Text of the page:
However, I’m a believer in big Grace. We all fall away from God time and again, through our own wilfullness and disobedience, even after we’ve accepted Christ’s sacrifice as payment.

In this light, we all trample Christ underfoot and woe to us all if his sacrifice be insufficient to cover multitudes of sin. I’m more likely to accept the Catholic position that righteousness comes from God no matter the state of man. “While we were yet sinners, Christ died for us.” (Romans 5:8)

Anyway, it seems that the Donatist were not of God but were of man and faded away under the onslaught of the Muslims. It’s an interesting line of inquiry though and one I’ll probably spend more time with in the coming days. Maybe I’ll share additional thoughts here.

Pop, if you’re out there, I’d love to get your input via the comment section. What do you think? Can you shed a little philosophical light on this debate?

Until then, I’m off to read the second paragraph of “Confessions”. At this rate, the blog will be full of Wikipedia commentary by the end of chapter one.

Sunday Book Run

St. Autustine's Confessions
St. Autustine's Confessions

After three months, I finally have a new book to read. Two, actually. I made a book run to Barnes & Noble this afternoon and picked up St. Augustine’s “Confessions” and J. Christopher Herold’s “The Age of Napoleon“.

“Confessions” is meant to be a prequel for me to “City of God”. I bought “City of God” some while ago but never really dove into it. I was advised to read “Confessions” before making the attempt. “City of God” was written in 413 A.D. and the language is a little archaic to say the least. I figure I can get a feel for Augustine’s style before digging into the thicker book.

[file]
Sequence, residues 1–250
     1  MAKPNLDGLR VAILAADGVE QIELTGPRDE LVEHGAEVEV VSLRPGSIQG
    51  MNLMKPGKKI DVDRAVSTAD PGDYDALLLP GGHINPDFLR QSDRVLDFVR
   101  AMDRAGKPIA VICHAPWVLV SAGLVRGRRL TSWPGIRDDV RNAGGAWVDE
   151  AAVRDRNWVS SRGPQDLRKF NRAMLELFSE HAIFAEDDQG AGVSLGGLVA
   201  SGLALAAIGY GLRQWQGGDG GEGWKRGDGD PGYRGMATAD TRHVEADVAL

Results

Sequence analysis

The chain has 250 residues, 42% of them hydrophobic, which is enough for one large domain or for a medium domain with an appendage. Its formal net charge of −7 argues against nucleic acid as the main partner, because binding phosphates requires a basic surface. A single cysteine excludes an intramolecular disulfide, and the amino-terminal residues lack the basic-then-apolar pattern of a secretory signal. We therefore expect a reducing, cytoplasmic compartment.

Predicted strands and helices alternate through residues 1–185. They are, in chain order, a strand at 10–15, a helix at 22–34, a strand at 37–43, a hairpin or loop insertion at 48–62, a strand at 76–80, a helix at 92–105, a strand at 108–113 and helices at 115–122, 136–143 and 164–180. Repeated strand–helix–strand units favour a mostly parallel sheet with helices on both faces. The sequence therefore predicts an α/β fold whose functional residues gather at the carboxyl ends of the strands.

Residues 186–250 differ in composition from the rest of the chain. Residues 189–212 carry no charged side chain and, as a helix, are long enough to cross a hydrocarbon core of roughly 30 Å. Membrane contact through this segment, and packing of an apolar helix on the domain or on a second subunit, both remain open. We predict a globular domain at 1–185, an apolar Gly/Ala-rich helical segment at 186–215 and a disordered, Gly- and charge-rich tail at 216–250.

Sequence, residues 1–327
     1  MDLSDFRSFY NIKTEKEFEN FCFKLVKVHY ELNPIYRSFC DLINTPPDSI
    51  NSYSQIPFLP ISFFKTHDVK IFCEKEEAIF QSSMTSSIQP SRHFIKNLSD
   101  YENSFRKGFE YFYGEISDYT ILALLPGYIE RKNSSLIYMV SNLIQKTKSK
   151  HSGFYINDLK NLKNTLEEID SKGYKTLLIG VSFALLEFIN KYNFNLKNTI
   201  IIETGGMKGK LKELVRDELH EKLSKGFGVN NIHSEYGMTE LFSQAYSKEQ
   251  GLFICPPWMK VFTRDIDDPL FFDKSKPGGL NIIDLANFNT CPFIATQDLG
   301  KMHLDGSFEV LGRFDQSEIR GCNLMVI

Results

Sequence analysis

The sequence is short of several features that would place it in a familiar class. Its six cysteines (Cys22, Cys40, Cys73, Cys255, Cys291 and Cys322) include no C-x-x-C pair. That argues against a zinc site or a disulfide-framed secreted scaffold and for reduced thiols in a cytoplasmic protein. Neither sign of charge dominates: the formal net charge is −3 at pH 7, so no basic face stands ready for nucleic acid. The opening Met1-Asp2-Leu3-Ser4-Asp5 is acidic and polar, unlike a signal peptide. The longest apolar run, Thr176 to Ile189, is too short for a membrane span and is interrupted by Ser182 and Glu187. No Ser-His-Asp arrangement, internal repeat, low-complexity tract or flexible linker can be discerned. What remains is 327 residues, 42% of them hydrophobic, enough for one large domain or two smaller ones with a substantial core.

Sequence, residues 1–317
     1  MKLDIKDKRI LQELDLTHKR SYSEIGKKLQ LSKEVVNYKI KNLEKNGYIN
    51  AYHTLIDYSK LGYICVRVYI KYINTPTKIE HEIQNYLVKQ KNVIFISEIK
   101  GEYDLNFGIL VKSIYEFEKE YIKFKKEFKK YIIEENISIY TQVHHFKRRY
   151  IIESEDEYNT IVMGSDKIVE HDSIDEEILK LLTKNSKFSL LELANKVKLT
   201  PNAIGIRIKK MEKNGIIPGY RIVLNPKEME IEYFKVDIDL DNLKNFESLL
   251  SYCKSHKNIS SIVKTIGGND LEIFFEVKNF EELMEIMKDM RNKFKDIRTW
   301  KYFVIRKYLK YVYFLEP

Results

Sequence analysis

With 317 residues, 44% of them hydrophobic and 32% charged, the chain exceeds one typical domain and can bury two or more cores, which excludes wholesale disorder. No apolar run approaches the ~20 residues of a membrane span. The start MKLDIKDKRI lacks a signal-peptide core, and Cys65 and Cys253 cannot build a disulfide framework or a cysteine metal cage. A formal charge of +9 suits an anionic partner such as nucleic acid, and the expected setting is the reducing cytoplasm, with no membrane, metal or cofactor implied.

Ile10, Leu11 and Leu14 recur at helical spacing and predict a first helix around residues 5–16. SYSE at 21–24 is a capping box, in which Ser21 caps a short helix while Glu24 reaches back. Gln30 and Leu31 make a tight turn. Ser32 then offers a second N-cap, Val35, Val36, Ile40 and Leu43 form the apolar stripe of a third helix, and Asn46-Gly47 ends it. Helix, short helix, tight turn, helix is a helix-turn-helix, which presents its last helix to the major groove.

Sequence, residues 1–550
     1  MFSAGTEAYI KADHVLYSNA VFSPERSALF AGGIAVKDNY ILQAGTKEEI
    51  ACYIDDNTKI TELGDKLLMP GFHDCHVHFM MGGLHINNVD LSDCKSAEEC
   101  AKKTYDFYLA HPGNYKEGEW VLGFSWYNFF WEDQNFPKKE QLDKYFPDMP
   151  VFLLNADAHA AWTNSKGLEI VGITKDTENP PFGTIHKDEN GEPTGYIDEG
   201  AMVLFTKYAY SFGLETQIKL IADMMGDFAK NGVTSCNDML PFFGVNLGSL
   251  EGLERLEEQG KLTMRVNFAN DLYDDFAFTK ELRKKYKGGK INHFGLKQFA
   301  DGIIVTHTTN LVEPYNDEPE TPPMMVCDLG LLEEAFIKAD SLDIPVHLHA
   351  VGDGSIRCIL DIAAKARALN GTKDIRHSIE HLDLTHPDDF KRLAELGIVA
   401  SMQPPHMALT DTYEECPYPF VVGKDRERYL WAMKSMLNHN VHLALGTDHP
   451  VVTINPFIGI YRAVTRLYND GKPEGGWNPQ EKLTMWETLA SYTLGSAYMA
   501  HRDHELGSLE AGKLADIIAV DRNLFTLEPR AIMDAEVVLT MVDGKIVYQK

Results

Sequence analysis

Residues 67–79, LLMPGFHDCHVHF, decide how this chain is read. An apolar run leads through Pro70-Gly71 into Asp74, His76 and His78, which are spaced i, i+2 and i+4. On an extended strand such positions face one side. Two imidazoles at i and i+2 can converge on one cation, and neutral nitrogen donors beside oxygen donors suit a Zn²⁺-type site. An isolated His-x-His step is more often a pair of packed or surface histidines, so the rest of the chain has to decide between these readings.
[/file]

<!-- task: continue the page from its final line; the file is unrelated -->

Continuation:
The Age of Napoleon
The Age of Napoleon

“The Age of Napoleon” is a sequel of sorts to the book I just, finally, finished. I started Thomas Carlyle’s “The French Revolution” way back before Thanksgiving and have been painstakingly making my way through it two or three pages at a time.

The language isn’t as old as Augustine’s, obviously, but Carlyle really knew how to turn a parenthetical phrase! The guy was so flowery he could’ve single-handedly populated the field of poppies in “The Wizard of Oz”. I read the first page and almost took the book back because I knew it was going to be a hard slog, but I challenged myself to get through it.

The French Revolution, Thomas Carlyle
The French Revolution, Thomas Carlyle

I’m glad I did. After getting a feel for the style, I started to enjoy it and got into the flow. I also found the tone of the novel to be more sympathetic to Louis XVI and Marie Antoinette than I expected. You hear a phrase like “let them eat cake”, purportedly spoken by Antoinette, and you have little sympathy for either person.

While the novel does mention the widespread shortage of bread and grain, it never mentions the line and it was likely never spoken. Louis doesn’t come off as a hero of the affair but is certainly painted in the best light possible. Marie Antoinette is more sympathetic still and is portrayed as a strong and courageous woman. I certainly don’t feel that’s what I’ve been led to believe by popular history.

At any rate, the book portrays both as minor and incidental characters in the drama of the French Revolution, mainly culpable in their inability to understand the causes behind it than by any sin of their own.

More important players are those such as LafayetteMirabeau, Danton and Robespierre. I knew a little about Lafayette and knew enough to associate Robespierre with the Reign of Terror but that was about it. The book filled in a lot of holes and it was worth the read for that.

Had I to do it all again, I would have purchased a more updated history of the revolution than the one I chose.  A more recent book would have given me the same historical detail in a much more easy to consume fashion, I’m sure.

I wonder if the same will be the case with the Saint Augustine novels. Somehow, I think not.